WHAT YOU SHOULD KNOW:
Gastritis is inflammation of the lining of your stomach.
AFTER YOU LEAVE:
Call 911 for any of the following:
- You develop chest pain or shortness of breath.
- You vomit blood.
Seek care immediately if:
- You have black or bloody bowel movements.
- You have severe stomach or back pain.
Contact your healthcare provider if:
- You have a fever.
- You have new or worsening symptoms, even after treatment.
- You have questions or concerns about your condition or care.
- Medicines may be given to help treat a bacterial infection or decrease stomach acid.
- Take your medicine as directed. Call your healthcare provider if you think your medicine is not helping or if you have side effects. Tell him if you are allergic to any medicine. Keep a list of the medicines, vitamins, and herbs you take. Include the amounts, and when and why you take them. Bring the list or the pill bottles to follow-up visits. Carry your medicine list with you in case of an emergency.
Follow up with your healthcare provider as directed:
You may need ongoing tests or treatment. Write down your questions so you remember to ask them during your visits
Do not smoke:
Nicotine can damage blood vessels and make it more difficult to manage your gastritis. Do not use e-cigarettes or smokeless tobacco in place of cigarettes or to help you quit. They still contain nicotine. Ask your healthcare provider for information if you currently smoke and need help quitting.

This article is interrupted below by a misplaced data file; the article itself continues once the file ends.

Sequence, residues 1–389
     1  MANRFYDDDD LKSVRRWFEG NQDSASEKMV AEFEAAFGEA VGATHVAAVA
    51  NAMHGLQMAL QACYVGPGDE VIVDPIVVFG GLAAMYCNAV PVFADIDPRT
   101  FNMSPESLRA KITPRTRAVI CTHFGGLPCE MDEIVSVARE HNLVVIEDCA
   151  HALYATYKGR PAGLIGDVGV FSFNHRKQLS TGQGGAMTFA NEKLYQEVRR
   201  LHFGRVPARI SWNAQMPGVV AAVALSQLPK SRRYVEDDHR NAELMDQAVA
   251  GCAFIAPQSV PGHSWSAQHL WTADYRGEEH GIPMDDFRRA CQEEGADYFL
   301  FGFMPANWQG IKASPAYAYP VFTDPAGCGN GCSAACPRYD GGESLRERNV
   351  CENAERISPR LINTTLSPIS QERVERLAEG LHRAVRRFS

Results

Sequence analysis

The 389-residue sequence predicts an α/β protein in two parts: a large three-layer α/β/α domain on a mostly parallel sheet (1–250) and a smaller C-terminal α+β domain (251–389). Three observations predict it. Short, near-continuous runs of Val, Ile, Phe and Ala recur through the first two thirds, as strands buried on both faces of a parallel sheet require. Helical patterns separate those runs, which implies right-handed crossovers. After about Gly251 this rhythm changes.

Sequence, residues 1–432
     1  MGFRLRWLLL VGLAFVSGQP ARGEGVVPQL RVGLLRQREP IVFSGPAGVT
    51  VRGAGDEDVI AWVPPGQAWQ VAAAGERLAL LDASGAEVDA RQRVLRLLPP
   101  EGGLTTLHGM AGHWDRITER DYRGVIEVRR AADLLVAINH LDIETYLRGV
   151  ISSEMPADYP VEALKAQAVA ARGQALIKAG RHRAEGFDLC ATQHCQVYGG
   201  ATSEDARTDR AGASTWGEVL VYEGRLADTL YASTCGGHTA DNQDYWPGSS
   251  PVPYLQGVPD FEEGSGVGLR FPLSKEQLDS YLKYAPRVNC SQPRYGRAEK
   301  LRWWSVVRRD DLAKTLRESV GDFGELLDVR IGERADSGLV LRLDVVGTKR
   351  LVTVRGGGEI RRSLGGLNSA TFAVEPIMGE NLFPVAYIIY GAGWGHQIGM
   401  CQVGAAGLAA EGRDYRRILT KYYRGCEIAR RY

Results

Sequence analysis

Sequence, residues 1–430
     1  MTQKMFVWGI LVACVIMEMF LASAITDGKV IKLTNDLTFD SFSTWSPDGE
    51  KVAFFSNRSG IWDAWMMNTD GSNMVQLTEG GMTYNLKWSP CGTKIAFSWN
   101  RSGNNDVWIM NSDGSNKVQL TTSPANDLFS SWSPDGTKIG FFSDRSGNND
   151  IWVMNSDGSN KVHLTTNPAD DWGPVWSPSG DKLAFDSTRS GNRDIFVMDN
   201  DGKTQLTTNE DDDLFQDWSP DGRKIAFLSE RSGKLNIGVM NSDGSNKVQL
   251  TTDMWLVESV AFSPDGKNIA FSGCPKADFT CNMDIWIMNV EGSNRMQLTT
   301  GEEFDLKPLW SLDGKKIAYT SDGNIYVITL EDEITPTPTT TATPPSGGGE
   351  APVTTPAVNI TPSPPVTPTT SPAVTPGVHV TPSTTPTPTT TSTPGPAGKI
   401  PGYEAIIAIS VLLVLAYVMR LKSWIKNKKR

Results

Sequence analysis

Limit or do not drink alcohol:
Alcohol can make your gastritis worse. Talk to your healthcare provider if you need help to stop drinking.
Keep batteries and similar objects out of the reach of children:
Babies often put items in their mouths to explore them. Button batteries are easy to swallow and can cause serious damage. Keep the battery covers of electronic devices such as remote controls taped closed. Store all batteries and toxic materials where children cannot get to them. Use childproof locks to keep children away from dangerous materials.
Manage or prevent gastritis:
- Do not take NSAIDs or aspirin unless directed. These and similar medicines can cause irritation. It may help to take NSAIDs with food, but you may not be able to take them at all.
- Do not eat foods that cause irritation. Foods such as oranges and salsa can cause burning or pain. Eat a variety of healthy foods. Examples include fruits (not citrus), vegetables, low-fat dairy products, beans, whole-grain breads, and lean meats and fish. Try to eat small meals, and drink water with your meals. Do not eat for at least 3 hours before you go to bed.
© 2015 Truven Health Analytics Inc. Information is for End User's use only and may not be sold, redistributed or otherwise used for commercial purposes. All illustrations and images included in CareNotes® are the copyrighted property of A.D.A.M., Inc. or Truven Health Analytics.
The above information is an educational aid only. It is not intended as medical advice for individual conditions or treatments. Talk to your doctor, nurse or pharmacist before following any medical regimen to see if it is safe and effective for you.